Hilarious, vulgar, and sweet in equal measure, Booksmart is the auspicious directorial debut of actress Olivia Wilde, from a screenplay penned by a quartet of writers: Susanna Fogel, Emily Halpern, Sarah Haskins, and Katie Silberman. That female pedigree is essential to Booksmart’s giddy success, most pointedly in its affectionate, enthusiastic portrayal of Molly and Amy’s gooey platonic-life-partner bond. Feldstein and Dever are just as vital in this respect, their comic energy – the former utterly irrepressible, the latter charmingly awkward – creating a complementary feedback loop that is somehow grounded and zany all at once. It’s appealing as hell, enabling a dose of the distinctly feminine school-daze pathos that characterized Lady Bird (2007) (which also featured Feldstein) without that film’s troublesome parent-child angst or Catholic guilt.
That said, Booksmart’s charm and novelty go beyond the sparkly specificity of its central female friendship. Like last year’s woefully under-appreciated prom-night romp Blockers, Wilde’s film flips the conventions of the crude teen comedy. Molly and Amy aren’t put-upon nerds out for revenge against their popular-kid oppressors. If anything, they’re alpha-female strivers, their eyes so fixated on their bright, shining futures that they can barely be bothered to acknowledge the mere mortals milling around them. Molly’s realization that her hard-partying classmates are also destined for lustrous adulthoods might be the story’s instigating jolt, but the film also repeatedly reminds its heroines in a variety of ways that their peers are people too, with feelings, talents, and hidden depths. It never does this pedantically, and only rarely with anything like soulful earnestness. It’s a delightful little miracle in its way: a The Breakfast Club (1985) message smuggled inside an outlandish Fast Times at Ridgemont High (1982) package.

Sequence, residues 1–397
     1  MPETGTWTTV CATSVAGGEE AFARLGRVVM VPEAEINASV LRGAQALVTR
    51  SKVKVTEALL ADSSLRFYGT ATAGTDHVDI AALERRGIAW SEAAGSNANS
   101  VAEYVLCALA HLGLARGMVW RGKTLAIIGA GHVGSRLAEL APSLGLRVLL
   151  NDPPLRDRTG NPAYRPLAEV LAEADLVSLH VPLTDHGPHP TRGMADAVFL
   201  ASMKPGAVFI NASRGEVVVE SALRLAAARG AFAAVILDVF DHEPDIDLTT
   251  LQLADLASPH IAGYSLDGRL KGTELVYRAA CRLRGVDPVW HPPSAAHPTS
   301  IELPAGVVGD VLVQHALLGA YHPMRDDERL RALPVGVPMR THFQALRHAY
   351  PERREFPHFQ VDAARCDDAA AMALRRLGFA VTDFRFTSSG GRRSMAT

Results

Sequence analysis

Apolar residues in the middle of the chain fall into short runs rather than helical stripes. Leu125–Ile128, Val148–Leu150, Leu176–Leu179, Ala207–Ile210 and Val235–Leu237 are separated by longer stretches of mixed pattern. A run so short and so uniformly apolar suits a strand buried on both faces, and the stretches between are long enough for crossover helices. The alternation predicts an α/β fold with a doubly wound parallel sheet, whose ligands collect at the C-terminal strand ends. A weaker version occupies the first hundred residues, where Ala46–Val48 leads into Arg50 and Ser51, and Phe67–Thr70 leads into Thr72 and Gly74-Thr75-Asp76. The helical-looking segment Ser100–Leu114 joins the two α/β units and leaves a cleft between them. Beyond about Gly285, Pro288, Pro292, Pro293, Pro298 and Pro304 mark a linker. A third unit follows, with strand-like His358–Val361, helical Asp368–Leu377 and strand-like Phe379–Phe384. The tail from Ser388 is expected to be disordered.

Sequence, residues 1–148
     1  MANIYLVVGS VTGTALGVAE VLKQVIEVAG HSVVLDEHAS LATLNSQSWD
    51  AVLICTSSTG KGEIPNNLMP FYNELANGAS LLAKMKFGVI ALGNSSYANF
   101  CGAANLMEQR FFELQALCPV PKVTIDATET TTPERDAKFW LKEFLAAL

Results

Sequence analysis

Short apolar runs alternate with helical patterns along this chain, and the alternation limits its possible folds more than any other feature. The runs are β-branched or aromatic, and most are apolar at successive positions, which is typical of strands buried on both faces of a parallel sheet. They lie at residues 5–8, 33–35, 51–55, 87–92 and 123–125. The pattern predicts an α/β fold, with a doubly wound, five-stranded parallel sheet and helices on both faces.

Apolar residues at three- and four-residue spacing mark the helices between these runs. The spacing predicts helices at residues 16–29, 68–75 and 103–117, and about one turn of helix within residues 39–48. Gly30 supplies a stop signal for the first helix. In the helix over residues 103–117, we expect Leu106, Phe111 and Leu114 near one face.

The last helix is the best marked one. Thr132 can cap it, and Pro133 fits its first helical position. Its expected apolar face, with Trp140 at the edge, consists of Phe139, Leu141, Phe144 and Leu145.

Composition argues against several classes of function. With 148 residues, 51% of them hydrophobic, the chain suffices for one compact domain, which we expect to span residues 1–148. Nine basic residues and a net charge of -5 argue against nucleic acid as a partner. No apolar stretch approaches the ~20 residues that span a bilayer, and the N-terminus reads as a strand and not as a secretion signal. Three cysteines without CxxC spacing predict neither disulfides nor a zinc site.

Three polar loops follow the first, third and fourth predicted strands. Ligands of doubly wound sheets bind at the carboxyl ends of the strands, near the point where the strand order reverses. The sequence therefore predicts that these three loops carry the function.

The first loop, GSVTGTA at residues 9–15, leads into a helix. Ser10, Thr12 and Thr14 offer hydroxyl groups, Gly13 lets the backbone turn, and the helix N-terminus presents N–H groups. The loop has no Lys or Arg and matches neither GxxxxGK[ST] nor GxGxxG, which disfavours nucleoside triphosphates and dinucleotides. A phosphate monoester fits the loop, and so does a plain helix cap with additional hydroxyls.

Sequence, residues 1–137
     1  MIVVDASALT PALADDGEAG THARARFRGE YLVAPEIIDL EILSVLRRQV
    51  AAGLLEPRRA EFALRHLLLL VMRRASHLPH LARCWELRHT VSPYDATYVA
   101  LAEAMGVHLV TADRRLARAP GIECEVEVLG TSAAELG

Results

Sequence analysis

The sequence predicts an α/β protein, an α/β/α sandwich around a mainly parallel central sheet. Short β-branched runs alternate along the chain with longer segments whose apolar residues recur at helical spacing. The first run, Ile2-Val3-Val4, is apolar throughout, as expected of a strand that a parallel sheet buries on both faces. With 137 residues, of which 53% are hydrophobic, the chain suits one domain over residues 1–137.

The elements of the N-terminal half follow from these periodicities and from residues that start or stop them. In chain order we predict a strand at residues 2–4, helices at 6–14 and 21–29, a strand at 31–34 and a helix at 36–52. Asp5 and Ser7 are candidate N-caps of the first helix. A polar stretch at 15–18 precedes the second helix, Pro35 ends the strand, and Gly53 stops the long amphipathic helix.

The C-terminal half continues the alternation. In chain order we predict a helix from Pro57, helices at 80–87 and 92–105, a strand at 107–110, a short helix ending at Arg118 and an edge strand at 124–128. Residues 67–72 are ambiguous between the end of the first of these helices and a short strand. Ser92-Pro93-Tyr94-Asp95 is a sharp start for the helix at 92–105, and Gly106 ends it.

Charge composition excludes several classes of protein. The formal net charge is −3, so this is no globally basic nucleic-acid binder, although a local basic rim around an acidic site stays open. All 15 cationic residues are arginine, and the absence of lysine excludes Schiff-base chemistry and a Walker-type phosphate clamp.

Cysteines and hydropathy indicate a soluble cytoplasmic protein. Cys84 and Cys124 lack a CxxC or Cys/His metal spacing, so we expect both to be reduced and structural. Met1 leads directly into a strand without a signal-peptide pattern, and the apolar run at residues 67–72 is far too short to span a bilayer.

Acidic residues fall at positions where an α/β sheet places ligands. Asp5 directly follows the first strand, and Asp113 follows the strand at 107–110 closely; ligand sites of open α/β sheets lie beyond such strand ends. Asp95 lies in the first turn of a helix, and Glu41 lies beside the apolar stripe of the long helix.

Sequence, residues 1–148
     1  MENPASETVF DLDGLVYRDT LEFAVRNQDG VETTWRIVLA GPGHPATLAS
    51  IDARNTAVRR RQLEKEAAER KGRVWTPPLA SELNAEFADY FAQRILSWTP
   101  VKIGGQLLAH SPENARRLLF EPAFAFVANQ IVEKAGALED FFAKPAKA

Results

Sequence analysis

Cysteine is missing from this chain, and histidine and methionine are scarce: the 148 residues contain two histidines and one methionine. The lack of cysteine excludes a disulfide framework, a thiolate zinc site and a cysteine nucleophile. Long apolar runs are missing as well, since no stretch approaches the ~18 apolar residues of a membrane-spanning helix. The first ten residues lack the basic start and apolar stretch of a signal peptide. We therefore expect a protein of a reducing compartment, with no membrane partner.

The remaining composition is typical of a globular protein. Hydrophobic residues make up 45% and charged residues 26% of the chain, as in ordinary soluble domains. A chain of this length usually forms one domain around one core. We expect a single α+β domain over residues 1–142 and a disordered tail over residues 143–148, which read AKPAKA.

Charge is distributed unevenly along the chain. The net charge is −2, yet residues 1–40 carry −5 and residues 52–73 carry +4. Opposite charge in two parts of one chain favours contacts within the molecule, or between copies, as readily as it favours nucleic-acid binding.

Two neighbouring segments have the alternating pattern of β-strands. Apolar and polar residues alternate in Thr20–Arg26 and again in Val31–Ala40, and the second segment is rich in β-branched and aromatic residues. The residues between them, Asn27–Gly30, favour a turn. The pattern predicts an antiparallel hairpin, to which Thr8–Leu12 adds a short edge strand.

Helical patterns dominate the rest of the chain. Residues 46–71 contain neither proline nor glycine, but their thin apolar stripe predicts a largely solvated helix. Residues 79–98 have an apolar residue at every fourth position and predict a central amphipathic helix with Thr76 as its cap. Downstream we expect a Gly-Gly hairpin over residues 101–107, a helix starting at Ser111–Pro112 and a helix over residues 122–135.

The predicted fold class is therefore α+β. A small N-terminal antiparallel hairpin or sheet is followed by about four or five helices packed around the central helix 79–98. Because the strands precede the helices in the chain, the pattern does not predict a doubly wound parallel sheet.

Unlike both Superbad and Blockers, Wilde’s film eschews rambling Apatow-ian improvisation for tight, rat-a-tat dialogue and intoxicating momentum. (Think Diablo Cody without that screenwriter’s convoluted wordplay and ersatz slang.) Although its vision of high-school life is plainly an absurd exaggeration, the film only rarely veers into off-the-wall silliness – e.g., a stop-motion sequence in which the girls hallucinate that they are trapped in Barbie-doll bodies. Wilde keeps the proceedings humming along splendidly as Molly and Amy pinball their way through not one but three parties, while the comic payoffs and callbacks pile up with gratifying speed. The film isn’t completely seamless, betraying a bit of sloppiness here and there. For example, one of the girls pointedly proposes opening their high-school time capsule – a la last year’s Eighth Grade – but this potential plot point is never shown or mentioned again. When Molly and Amy head to the public library in the hopes of digging up the party’s address through old-school research, it triggers a swaggering musical cue – which is cut short when they abruptly pinpoint their destination via social-media stalking. It feels less like a droll joke than a clumsy, running-time-conscious edit.
Refreshingly for a story set in high school, Booksmart doesn’t have any real villains to speak of: no violent bully; no vicious queen bee; no country-club asshole driving his birthday BMW. It’s an optimistic, raucous Gen Z fable that has no time for sexism, racism, homophobia, or fat-shaming. (There is a bit of slut-shaming, but the film makes a point to smack it down in due course.) The only dragons to be slain are Molly and Amy’s own supercilious misconceptions about their classmates. More than anything, this is what makes Booksmart a quietly radical sort of high-school comedy: It’s a film packed with broad archetypes that feel like lovable characters instead of mean-spirited cartoons.
It certainly helps that the supporting cast is replete with delightful little comedic turns. The adult characters are all enjoyable, especially Jessica Williams as the prototypical Hot, Cool Teacher and Lisa Kudrow and Will Forte as Amy’s conservative Christian parents who (paradoxically) are way too enthusiastic about her finding a girlfriend. The real standouts, however, are the high-schoolers. There’s Skyler Gisondo as gregarious rich-boy doofus Jared, who seems to be half Ali G and half Chris Hemsworth’s airhead receptionist from Ghostbusters (2016). There’s Noah Galvin as drama-club commandant George, whose piquant flamboyance is unexpectedly studded with low-key gags. (His summer staging of the Bard’s classics? “Shakespeare in the Park-ing Lot.”) The film’s undisputed scene-stealer, however, is Billie Lourd as unclassifiable space cadet Gigi, a fount of questionable druggie wisdom and Gucci excess who seems to pop up wherever Molly and Amy find themselves, like the killer in a slasher film. Thanks in part to this oddball student body, high school has never looked so ridiculous, frenetic, or unforgettable.